forthcoming EyeforTravel‟s Travel Distribution Summit India 2011, to be held in Mumbai (12-13 October) this year. Lalla spoke to EyeforTravel‟s Ritesh Gupta about embracing social media marketing. Excerpts: The goal is not measuring for the sake of measuring or reporting, but to gain actionable insights to help you achieve your business goals. Which according to you is the best way to measure the success of social media efforts? Ashok Lalla: A very crucial step towards measuring Social Media success and making sense of the measures is to have defined objectives and desires outcomes right from the outset. These will help determine what one needs to measure, and what defines success. Measures can vary – from being the more basic Delivery measures such as Views and Reads, to more Participatory measures such as Comments, Likes, Shares, Votes, Downloads, Check-ins. Then there can be the Transaction metrics such as Social commerce transactions and uptake on offers. The most complex metrics are the Engagement metrics, the raison d‟être of most marketers to undertake Social Media marketing in the first place. There are no universally accepted measures of engagement success, and that is where having clear cut objectives can help guide a marketer to measuring success. Just as it is with the rest of Marketing, usually a combination of measures is important to look at. And something that is often neglected is co-relating Social Media marketing initiatives with conventional offline brand measures related to brand loyalty and advocacy. These measures are often determined via offline consumer research and brand studies. The full impact of social media has to support the brand’s strategy, as does every marketing effort. The biggest challenge is that most (large) companies are not comfortable with it, because it’s difficult to get your arms around and it’s generational too. What’s your viewpoint regarding this? Ashok Lalla: While it‟s true that old world managers (Digital migrants) are not as comfortable with embracing Social Media as the younger lot (Digital natives), this divide is fast disappearing. Nothing breeds positivity as much as success, and as there are more and more examples of brands that have successfully integrated Social Media into their marketing programmes, companies earlier averse to „going Social‟ are starting to take their first steps in the space. Another key determinant of Social Media adoption is the realisation among marketers that they need to be where their audience is – and if that is in Social Media spaces, then they need to be there, or risk losing out the opportunity to reach, interact and influence their customer base. What proof or conviction can a marketer bring in front of the senior management to get a buy-in for social media marketing? Is there any tangible way of explaining the utility of social media marketing? Ashok Lalla: Examples of other brands having seen positive results from Social Media marketing is a good first step. Also, now there is plenty of consumer research that shows that consumers are relying more and more on peer opinion (that they get via Social Media) than conventional brand communication. A marketer would be foolhardy to ignore these clear signals that Social Media is something they need to accept and adopt.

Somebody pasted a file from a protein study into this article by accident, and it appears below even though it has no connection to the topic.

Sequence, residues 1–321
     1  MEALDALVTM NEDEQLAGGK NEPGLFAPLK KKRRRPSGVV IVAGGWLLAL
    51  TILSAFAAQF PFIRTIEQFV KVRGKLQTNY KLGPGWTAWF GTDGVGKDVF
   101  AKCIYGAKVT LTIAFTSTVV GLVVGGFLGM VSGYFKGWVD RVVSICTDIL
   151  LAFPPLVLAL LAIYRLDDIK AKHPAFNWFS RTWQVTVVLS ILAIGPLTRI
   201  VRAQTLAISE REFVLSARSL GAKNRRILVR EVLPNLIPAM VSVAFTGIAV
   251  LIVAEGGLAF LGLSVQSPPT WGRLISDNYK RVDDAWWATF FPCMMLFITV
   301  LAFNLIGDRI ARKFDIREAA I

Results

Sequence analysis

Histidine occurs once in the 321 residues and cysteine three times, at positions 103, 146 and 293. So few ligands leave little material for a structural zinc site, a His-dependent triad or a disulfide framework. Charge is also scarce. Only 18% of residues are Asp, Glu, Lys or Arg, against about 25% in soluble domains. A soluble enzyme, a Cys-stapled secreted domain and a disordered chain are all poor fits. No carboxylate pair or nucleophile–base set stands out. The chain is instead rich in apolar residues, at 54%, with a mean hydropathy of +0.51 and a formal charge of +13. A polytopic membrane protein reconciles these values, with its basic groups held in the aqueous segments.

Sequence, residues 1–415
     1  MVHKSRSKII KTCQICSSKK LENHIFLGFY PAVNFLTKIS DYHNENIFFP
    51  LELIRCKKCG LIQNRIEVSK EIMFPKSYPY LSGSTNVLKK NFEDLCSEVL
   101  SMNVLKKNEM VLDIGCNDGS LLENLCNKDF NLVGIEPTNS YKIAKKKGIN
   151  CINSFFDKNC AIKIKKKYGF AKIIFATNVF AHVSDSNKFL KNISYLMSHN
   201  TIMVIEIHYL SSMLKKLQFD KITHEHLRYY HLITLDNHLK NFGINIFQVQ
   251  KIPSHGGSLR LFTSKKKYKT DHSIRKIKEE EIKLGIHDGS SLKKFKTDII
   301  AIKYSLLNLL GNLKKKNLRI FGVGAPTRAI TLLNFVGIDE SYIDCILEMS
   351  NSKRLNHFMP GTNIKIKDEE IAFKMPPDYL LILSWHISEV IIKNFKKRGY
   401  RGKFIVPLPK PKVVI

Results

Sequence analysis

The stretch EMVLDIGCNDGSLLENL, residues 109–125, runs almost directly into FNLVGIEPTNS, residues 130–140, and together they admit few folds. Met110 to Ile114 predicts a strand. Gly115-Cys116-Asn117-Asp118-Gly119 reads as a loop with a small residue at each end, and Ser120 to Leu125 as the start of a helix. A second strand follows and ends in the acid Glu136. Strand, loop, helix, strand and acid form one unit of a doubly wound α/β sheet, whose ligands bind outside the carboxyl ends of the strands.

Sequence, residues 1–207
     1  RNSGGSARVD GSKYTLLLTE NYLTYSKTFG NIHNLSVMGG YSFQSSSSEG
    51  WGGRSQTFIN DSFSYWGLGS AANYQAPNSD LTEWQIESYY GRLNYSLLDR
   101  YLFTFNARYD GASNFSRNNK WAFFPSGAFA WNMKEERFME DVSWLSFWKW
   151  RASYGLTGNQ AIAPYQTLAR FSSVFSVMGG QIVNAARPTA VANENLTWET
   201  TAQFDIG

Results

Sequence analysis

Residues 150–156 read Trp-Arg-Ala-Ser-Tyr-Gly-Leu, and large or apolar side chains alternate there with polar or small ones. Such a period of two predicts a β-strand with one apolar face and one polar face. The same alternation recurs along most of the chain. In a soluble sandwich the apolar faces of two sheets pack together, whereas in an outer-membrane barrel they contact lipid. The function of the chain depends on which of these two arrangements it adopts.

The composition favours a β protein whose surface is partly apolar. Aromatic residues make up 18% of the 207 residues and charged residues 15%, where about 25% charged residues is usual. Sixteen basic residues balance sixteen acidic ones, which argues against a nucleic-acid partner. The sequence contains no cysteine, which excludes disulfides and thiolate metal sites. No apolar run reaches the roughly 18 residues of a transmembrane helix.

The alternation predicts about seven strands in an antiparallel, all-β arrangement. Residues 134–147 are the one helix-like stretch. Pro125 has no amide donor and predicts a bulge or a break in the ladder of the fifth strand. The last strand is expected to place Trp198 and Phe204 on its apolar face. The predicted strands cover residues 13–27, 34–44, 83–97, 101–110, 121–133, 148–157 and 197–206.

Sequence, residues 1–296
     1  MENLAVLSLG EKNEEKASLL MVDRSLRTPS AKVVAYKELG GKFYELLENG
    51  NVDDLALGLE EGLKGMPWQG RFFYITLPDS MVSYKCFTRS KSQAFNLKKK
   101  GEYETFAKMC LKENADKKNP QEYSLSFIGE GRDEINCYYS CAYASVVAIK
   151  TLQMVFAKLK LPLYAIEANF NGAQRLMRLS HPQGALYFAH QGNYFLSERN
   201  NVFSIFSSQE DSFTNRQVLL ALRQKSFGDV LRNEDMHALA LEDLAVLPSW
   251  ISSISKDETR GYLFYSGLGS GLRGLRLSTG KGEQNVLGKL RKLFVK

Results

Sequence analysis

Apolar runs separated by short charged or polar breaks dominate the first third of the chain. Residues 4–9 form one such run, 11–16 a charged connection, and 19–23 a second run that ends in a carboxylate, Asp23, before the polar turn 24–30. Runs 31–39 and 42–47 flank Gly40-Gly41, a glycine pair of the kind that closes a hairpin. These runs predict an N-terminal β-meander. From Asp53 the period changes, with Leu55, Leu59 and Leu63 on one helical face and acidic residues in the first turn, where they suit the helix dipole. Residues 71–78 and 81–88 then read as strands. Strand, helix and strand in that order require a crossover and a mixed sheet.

How can companies nurture internal champion(s) who monitor social media and make it a priority? Ashok Lalla: Making Social Media intrinsic to Marketing and a brand‟s business operations, and providing guidance and encouragement for employees to „go Social‟ is crucial to creating success. As adoption grows, there will clearly be pockets of success that should then be recognised and shared organisation-wide as best practices to be emulated. Which is the best way to go about hosting social media accounts within an organisation? Ashok Lalla: There is no single accepted best practice in this regard. Some organisations opt for creating and managing „official‟ accounts. Others allow employees to create individual accounts. Yet others identify existing popular user generated accounts, and support them to nurture their presence in Social Media. A good approach would be one that perhaps combines these three, yet binds them together via using a similar tone and personality for the brand in how it communicates through these multiple accounts. The best social media outreach usually engages multiple departments within an organisation, ranging from marketing to product to engineering to editorial. How do you assess this approach towards nurturing a team and a culture? Ashok Lalla: Ideally, Social Media outreach must embrace all departments of an organisation. As it is difficult to get a buy-in from diverse stakeholders at the outset, one should build towards this goal, by starting small, involving the early enthusiasts, creating champions and success stories, and then actively socialising them through the length and breadth of the organisation. How should travel companies go about recruiting “the social media person”? What factors should one consider? Ashok Lalla: Social Media marketing is not about a single person. Or even a department. It is about inculcating a Social culture organisation wide. So while „specialists‟ can help educate employees, enable them to get started and evangelise the need and benefits of Social Media, the end objective must not be to find the one „social media person‟ but to create a Social organisation. Travel companies have an additional „social media‟ participant that is very important to recognise and integrate into their Social Media ecosystem – their customer, the travellers themselves. Today consumer travel reviews are given more importance than the communication from travel suppliers (hotels, airlines, cruise lines, and intermediaries like travel agents and travel portals). So rather than focussing on recruiting one person, a travel company should focus on harnessing the world of social media people out there. Something that even companies outside of the travel business will be well served by doing. You can also read this interview on the EyeForTravel website at http://bit.ly/nMiV3Qs